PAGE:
Editor’s Note

Editor’s Note

Date: February 2, 2011
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What about tweeting and re-tweeting for gender justice?

A few weeks ago there was a revolution in Tunisia. Some sources say the revolution was not televised, but rather twitterised. On 14 January, Tunisian President Zine El Abidine Ben Ali dissolved his government, called for legislative elections in six months and promised not to run in 2014. But this late decision did not quiet public anger on social media platforms, in particular Facebook and Twitter. Later that evening, the president fled Tunis.
In September 2010, there was unrest and deadly riots in Mozambique after the release of a simple anonymous text message: “Mozambicans, prepare yourself to enjoy the great dayWhat about tweeting and re-tweeting for gender justice? of the strike. Let’s protest the increase in energy, water, mini-bus taxi and bread prices. Send to other Mozambicans.”

The power of new technology should not be underestimated.

Social media is on the verge of taking over in the absence of traditional media, especially in African countries where governments have created repressive media laws, and where the imprisonment of journalists is the order of the day.

It is important to mention that 2011 marks the 20th anniversary of the Windhoek Declaration, a statement for press freedom principles signed by African journalists at a UNESCO seminar in Windhoek in 1991.

Considering press freedom has yet to be realised in many African countries, citizens are turning to cell phones and social media to protest societal injustices. These tools become an instrument of empowerment which can also motivate marginalised citizens and communities to voice their concerns.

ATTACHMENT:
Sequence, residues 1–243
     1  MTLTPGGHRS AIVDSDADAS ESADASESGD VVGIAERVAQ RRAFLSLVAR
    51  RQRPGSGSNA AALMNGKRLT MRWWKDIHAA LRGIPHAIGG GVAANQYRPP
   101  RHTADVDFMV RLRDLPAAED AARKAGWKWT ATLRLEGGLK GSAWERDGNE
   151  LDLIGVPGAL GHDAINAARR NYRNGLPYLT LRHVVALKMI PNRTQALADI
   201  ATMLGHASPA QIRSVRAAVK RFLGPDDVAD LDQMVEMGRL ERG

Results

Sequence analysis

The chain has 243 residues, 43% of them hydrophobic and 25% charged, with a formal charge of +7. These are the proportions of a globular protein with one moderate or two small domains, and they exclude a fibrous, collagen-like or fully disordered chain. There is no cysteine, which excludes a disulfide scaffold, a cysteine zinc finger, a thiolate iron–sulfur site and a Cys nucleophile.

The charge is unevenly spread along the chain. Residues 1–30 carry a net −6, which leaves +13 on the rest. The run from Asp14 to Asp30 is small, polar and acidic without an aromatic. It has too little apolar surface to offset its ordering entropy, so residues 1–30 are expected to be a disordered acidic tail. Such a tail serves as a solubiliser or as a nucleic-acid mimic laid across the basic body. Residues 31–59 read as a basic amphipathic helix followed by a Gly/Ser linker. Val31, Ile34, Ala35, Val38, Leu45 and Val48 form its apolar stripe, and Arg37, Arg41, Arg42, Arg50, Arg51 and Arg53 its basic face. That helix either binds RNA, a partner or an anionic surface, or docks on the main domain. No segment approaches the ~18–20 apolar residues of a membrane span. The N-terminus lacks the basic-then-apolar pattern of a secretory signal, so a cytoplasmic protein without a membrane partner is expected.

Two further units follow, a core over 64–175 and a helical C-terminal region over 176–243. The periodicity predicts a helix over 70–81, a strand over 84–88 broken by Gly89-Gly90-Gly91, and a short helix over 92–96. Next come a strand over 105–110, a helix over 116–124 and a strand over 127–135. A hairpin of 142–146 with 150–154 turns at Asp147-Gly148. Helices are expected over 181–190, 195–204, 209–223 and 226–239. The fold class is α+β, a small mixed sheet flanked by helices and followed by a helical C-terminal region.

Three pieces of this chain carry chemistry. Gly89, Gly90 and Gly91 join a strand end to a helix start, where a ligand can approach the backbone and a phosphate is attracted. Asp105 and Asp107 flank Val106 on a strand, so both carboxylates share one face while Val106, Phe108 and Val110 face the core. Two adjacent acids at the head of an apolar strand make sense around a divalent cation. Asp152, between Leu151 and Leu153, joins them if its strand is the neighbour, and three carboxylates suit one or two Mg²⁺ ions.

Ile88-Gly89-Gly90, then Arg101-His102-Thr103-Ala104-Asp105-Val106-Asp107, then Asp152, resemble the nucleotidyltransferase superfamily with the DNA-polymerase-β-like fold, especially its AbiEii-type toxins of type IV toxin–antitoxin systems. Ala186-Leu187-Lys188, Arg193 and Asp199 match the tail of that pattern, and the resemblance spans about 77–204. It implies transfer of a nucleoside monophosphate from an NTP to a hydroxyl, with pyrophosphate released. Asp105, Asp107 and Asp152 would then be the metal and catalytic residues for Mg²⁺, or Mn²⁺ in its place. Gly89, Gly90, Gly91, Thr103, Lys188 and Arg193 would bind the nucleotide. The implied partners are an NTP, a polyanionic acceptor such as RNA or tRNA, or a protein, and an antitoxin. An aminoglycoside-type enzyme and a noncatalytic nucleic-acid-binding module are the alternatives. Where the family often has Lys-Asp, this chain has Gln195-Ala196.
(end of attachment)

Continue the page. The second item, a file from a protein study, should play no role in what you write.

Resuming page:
In 2010 I attended the World Journalism Educators Congress (WJEC) in Grahamstown, South Africa. I remember my surprise when a young man walked up to me, introduced himself and said he was working for a Grahamstown youth newspaper called Upstart. He requested an interview and I remember thinking he didn’t look like a journalist. He wasn’t even carrying a notebook – and what is a journalist without a notebook?

But I then watched him remove an ordinary cell phone from his pocket and he began to ask me questions. Just as I was trying to figure out what was happening, he clicked a key on his phone and said “we start”. He was recording me on his cell phone. In a minute and a half we were done and minutes later the clip was posted to his website!

As I recalled this incident, I realised how empowering it was for me to be interviewed at this conference, attended by more than 700 participants.

You may remember that in 2010 Gender Links released the Gender and Media Progress Study (GMPS), which found that women sources constitute just 19% of the total number of sources in the media, a very slight increase from 17% in 2003.

But although women’s voices only increased two percentage points in seven years, maybe things are only changing now. If my voice could be heard at this conference, in a non-traditional format, it was a score for women.

Just as social media is reshaping politics in Africa and beyond, it holds the same potential to challenge gender inequalities in society. From preventing violence against women to profiling the successes of ordinary women, cell phones and social media can enhance women’s empowerment in Africa’s communities.

Maybe rather than using cell phones for “sexting”, we should begin to cultivate a culture of employing technology for social change. What about cell phone messages or “tweets” that castigate rape and sexual harassment in educational institutions? Or why don’t we use technology to hold leaders accountable when it comes to changing the lives of women for the better?

The lesson here is that technology can be controlled by us, the users, and women can produce their own content to assist in the fight for gender equality. How we choose to use this technology and the social media tools available to challenge patriarchy and unequal power relations will definitely be something to watch in the months ahead.

To explore ways of using technology click the Take Back the Tech site.
Please also remember to:

Like our Facebook Page, http://www.facebook.com/GenderLinks

Follow us on Twitter, http://twitter.com/#!/GenderLinks



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